2. We understand in 2014 the FAA issued a final rule requiring air ambulance flights include medical personnel to fly under stricter Part 135 rules rather than Part 91 rules. We urge you to take similar action to ensure film or photo-journalist flights are governed under Part 135 rules, unless the passengers are professional filmmakers or journalists who have experience filming or photographing from a helicopter. A short safety video cannot possibly provide sufficient expertise.
  5. Flight Safety Training – News reports indicate the flight safety training offered the doomed passengers consisted solely of a short video that included a reference to a knife located in the safety harness. It is not clear how specific the information in the video was or whether any of the passengers endeavored to cut their way out of the harness. We hope the NTSB and the FAA will take a careful look at the adequacy of the video and of the safety training the passengers received.
  6. Pontoons – We understand the helicopter was equipped with six inflatable pontoons, three on each side. We understand the NTSB is working to determine whether one or more of the pontoons may have failed to inflate, causing the helicopter to flip over, or may have properly inflated but popped due to water conditions. There is a strong possibility that if the helicopter had permanent, rigid pontoons, it would have been able to land in the water and allow all of the passengers to escape safely.
    1. Did a failure of pontoons on the helicopter to inflate contribute the tragic outcome? Would permanent, rigid pontoons have resulted in a different outcome? Should helicopters that routinely fly over water be required to have rigid pontoons?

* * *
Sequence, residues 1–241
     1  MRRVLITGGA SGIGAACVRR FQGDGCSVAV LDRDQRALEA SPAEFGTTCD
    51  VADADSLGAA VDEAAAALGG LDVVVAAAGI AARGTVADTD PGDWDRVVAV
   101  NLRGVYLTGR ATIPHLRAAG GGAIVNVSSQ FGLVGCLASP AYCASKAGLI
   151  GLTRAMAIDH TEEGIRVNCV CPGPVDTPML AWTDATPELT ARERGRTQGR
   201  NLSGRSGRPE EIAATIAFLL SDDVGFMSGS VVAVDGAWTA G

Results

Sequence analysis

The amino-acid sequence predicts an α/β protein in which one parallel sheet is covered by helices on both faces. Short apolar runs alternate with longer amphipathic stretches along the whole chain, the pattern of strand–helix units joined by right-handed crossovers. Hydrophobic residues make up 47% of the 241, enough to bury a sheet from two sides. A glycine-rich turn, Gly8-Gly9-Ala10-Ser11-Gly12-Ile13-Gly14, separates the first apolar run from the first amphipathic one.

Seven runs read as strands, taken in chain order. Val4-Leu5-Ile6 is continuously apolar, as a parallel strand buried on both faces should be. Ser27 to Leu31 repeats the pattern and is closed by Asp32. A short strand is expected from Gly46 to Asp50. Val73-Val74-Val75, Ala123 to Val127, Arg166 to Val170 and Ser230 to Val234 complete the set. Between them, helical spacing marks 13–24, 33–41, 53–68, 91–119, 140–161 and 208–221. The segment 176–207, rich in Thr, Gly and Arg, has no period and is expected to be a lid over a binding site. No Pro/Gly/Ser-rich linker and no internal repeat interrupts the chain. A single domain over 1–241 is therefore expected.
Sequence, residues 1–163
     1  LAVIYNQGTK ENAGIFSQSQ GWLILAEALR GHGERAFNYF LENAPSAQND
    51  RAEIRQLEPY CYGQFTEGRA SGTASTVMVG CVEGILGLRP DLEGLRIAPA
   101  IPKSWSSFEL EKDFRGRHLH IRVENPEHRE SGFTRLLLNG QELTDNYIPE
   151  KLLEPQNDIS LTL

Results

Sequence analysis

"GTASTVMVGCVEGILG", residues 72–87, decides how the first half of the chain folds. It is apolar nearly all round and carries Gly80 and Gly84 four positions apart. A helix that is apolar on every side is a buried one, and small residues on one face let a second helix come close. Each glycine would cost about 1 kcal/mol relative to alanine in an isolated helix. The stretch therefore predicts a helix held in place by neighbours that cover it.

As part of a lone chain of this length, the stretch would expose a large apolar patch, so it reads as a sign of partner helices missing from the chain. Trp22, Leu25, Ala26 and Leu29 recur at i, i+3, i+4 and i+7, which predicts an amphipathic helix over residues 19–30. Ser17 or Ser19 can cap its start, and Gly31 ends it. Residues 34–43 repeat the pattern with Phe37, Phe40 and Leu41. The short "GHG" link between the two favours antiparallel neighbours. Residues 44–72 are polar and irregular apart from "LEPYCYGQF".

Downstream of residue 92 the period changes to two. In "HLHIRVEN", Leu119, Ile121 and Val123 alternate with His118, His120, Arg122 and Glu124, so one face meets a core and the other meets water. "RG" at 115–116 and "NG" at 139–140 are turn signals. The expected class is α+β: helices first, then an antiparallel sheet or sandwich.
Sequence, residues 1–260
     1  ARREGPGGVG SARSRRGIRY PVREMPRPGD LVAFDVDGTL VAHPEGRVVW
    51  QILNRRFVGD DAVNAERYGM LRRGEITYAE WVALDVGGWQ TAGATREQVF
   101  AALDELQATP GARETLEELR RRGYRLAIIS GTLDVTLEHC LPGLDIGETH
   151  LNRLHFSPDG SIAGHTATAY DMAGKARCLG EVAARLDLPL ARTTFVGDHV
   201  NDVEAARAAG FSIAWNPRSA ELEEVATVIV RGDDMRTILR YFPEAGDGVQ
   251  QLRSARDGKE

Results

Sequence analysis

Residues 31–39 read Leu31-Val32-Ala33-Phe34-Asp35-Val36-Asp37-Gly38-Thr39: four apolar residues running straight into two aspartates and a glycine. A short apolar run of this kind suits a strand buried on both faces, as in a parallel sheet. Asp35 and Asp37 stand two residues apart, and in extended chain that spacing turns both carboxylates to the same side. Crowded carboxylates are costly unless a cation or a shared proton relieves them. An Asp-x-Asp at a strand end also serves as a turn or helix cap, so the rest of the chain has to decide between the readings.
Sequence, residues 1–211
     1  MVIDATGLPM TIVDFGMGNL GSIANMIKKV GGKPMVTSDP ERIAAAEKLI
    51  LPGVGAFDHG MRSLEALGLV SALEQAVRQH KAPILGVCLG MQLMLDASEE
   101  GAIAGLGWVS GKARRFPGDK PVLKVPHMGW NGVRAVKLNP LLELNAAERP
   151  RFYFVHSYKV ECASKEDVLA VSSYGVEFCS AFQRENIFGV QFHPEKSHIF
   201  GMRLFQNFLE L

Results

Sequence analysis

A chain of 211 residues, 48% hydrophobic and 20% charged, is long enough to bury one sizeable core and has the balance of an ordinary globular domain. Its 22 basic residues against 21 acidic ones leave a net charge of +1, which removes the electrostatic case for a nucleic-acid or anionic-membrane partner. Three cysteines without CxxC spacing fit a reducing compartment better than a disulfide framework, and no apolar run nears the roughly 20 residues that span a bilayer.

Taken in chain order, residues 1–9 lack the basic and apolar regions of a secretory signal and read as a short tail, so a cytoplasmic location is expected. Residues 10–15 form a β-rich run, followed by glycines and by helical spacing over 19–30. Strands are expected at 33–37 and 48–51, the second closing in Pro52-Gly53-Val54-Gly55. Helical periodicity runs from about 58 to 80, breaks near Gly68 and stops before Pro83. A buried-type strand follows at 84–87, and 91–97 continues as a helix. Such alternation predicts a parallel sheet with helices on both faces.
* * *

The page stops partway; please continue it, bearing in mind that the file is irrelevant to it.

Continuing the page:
2. If one or more of the inflatable pontoons failed to inflate, does the NTSB or FAA know whether there was a flaw in the manufacture of the pontoons? Was there a defect caused by a puncture or other accident? Was deflation caused by some condition in the water?
    3. The current in the East River is so strong that when a power company tried to harness the tidal energy of the water using turbines, the powerful forces of the water kept breaking the arms off the turbines. Is it possible the current in the East River is too powerful for balloon pontoons to withstand?
  7. Flights Over Densely Populated Areas – Our constituents have been complaining for decades about helicopter flights over New York City and in the surrounding region. These flights cause noise pollution and unnecessary flights should be limited to reduce the impact on people living in a dense, urban community. Since 2007, there have been at least 8 helicopter accidents over the City of New York, including 3 by Liberty Helicopters. The most recent accident could have been far deadlier if the helicopter had been unable to reach the water. After each accident, our constituents want to know why it is so difficult for localities to regulate the amount of helicopter traffic over their city. Following this most recent fatal accident, will the FAA allow our region a greater ability to regulate helicopter traffic?

We urge the FAA and the NTSB to take all steps necessary to ensure that we never have a replication of this tragic helicopter disaster. We hope there will be stronger regulation to ensure only flights that deserve the Part 91 designation receive it, safety harnesses will no longer be permitted without an emergency release, all helicopters using New York and New Jersey airspace will be required to have pontoons that will be usable under emergency conditions, and passengers will not be able to fly in doors-off helicopters without sufficient training. Thank you for your attention to our concerns. We look forward to your response.